And it’s not women with eating disorders who are fucked up—these smart, lovely, insightful people. It is us. Healthy isn’t a look, or something we can eat our way into or out of, or that will save us from the difficulties in our lives. We have major issues as a society around food and our bodies, that include fat phobia and sizism, and the generally accepted “war on obesity,” which is creating more mental health problems than helping anyone.
A lot of us want to be healthy, feel healthy, and live a healthy lifestyle. As parents, we also want the same for our children. But what does that really mean? Defining this is the way to sovereignty around your health and the health of your family.
Most people don’t understand there is a hidden key to unlocking this whole mess. It lies in relationship. Our relationship with our child is the most useful place to focus when it comes to emotional and behavioral issues around food. We have incredible insight about our children if we choose to pay attention and develop it.
Did you know that eating is the place where we initiate our first boundary as humans? From the day we are born, it’s the first place we can say “No.” It’s worth our while to consider why our children feel the need to utilize this boundary in relationship to us and to their body. There is nothing simple about this question, or the answers it may reveal, which will undoubtedly have a huge range. But when we start to consider questions like this, it brings us closer to territory that could reveal insights that would actually help.
As a society, we grossly underestimate the impact and value of our relationships, and thus our mental and emotional well being, on our overall health. Instead, we over focus on food and exercise, try to apply a particular physical or diet formula to our lives, and bypass the more complex, intricate, difficult, and meaningful world of our relational life.
What our kids eat, want to eat, how they eat, tells us something. But its not the place to put all of our attention. We can incorporate that information into the whole picture of how they regulate themselves, who they are, what they love, how connected we feel to them, what is happening currently in their life, what they’ve already gone through, and all the other interesting and compelling aspects of being in relationship with these incredible young ones.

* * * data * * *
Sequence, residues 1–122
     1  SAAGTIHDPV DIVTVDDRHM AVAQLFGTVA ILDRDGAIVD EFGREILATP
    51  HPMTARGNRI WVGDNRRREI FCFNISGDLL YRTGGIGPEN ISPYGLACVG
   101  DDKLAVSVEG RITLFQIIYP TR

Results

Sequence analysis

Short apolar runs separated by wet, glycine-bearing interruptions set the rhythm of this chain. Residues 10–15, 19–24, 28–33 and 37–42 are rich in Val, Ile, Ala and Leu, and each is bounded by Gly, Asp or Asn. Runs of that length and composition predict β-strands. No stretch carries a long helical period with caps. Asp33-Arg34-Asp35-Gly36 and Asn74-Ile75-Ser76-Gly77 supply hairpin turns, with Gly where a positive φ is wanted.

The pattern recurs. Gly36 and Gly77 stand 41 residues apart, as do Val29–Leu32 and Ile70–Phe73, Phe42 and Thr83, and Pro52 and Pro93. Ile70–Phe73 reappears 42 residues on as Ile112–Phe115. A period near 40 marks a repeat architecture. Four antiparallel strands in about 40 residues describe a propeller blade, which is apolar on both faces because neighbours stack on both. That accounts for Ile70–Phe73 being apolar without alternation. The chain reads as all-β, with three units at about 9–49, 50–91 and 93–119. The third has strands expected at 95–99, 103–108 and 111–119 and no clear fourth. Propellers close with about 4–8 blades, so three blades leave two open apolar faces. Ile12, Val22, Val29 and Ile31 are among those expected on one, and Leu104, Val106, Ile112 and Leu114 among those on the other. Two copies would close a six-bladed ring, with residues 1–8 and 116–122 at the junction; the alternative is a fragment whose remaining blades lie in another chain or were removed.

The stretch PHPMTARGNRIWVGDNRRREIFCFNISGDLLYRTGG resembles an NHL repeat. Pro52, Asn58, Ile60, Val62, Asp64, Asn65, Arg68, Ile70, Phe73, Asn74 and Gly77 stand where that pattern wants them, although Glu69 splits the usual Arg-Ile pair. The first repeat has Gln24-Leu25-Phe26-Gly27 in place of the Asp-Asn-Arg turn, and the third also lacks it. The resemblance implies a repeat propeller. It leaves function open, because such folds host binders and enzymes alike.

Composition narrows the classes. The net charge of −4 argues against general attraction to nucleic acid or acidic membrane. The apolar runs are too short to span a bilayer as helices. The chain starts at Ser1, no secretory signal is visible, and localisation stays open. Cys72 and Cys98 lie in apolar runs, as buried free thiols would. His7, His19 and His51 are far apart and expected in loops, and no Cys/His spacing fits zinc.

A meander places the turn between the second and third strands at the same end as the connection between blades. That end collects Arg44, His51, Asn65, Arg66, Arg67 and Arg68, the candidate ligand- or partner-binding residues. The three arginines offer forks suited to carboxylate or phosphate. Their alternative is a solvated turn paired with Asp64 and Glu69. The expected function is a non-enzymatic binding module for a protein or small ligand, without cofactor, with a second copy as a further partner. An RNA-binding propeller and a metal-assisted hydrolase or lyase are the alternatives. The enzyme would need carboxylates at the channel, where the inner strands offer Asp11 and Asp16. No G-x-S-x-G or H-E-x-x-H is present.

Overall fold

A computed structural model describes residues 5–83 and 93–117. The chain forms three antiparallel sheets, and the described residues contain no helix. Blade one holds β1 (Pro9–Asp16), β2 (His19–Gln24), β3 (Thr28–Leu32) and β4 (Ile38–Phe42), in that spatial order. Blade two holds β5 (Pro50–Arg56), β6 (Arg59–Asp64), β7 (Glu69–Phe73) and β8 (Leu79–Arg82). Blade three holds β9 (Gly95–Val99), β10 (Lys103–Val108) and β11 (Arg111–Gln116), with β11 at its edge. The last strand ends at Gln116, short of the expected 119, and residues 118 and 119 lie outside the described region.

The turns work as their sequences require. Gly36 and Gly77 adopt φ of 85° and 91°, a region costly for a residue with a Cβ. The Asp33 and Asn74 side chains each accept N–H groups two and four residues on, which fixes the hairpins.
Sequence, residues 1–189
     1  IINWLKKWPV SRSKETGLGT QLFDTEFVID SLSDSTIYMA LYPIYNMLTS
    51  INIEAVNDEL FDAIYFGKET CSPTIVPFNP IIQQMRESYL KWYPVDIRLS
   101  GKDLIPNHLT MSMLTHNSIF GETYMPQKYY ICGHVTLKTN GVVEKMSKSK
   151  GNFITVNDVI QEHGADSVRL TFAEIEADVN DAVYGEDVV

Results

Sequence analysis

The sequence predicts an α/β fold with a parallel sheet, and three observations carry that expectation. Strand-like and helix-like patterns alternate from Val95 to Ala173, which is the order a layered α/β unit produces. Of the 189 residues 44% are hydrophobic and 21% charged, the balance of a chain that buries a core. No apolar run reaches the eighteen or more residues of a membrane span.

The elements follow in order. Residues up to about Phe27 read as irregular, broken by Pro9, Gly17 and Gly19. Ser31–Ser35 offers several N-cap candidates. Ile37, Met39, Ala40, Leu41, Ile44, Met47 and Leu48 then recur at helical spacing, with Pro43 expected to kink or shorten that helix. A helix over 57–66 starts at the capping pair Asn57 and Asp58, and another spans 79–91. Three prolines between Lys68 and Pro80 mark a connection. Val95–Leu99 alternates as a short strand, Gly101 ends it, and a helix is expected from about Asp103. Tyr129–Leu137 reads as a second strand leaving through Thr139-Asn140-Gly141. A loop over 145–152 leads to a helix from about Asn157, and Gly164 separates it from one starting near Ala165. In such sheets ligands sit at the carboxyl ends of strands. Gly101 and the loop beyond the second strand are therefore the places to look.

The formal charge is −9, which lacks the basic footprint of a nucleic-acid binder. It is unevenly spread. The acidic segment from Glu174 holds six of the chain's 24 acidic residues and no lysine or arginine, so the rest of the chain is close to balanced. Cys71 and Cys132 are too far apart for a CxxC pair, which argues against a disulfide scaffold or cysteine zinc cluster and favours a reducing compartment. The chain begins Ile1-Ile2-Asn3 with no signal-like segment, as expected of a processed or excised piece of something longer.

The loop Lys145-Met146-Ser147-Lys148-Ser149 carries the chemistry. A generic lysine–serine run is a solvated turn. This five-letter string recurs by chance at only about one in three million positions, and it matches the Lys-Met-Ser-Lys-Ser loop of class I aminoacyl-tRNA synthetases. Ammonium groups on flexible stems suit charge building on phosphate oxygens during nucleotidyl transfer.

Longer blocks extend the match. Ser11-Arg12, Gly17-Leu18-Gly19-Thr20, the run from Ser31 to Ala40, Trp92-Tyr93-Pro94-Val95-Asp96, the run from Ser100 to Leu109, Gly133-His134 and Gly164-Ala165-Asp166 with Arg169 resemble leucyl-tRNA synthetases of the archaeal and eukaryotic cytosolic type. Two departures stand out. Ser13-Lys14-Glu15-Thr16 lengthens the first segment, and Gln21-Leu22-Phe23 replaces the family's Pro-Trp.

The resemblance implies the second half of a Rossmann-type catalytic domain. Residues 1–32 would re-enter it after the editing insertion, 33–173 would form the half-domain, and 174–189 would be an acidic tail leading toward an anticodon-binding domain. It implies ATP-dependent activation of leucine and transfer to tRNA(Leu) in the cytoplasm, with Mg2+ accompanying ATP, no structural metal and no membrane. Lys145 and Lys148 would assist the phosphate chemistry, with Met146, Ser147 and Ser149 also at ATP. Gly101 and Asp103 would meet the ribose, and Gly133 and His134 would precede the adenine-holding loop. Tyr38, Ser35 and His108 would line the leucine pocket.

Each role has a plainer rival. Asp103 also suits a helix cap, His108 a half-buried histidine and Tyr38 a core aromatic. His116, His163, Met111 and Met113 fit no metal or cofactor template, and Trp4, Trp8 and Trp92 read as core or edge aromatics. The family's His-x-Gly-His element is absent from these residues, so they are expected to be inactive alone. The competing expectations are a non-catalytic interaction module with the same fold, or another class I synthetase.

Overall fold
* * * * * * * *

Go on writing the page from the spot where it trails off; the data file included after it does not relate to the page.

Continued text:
We can benefit from looking at our relationship to ourselves, to food, our bodies, our partners, our families, at all of our relationships. So much is happening in our relationships that informs how we think, feel, and act every day of our life. It is in these areas we perhaps receive the most nourishment from life. Knowing ourselves here will bring a lot of useful information for each of our particular family situations and struggles.
We can teach our kids how to care for their own well being in a truly comprehensive way that will serve them throughout their life. We can teach them how to listen to their emotions, sensations, minds, hearts, bodies, and spirits. We can work hard to help them process all the information that they perceive. We can support our children’s health by allowing it to be the broad, multifaceted, and individual experience that it is. That all starts with us. We can’t teach what we don’t live.
One of our many superpowers as mothers is our ability to deal with, and even embrace, complexity. Responding and attending to multilayered experiences and needs coming from many angles is something we handle. We know the beautiful brilliance that lies in this rather unresolvable work of loving and caring for ourselves and our family day in and day out. We struggle, yes, and we continue to cultivate a rich, meaningful, and gratitude filled life with our children. We are masters at life’s complexity, whether we like it or not.
So don’t let our society’s need for simple, reductionist, and polarizing solutions to life’s challenges be your way. It only makes things harder in the long run.
So yes, I’d like to be in charge of my decision to enjoy ice cream with my kids at the pool this summer. Or not. And no, I don’t need a city policy to help me here. I think I’ve got it.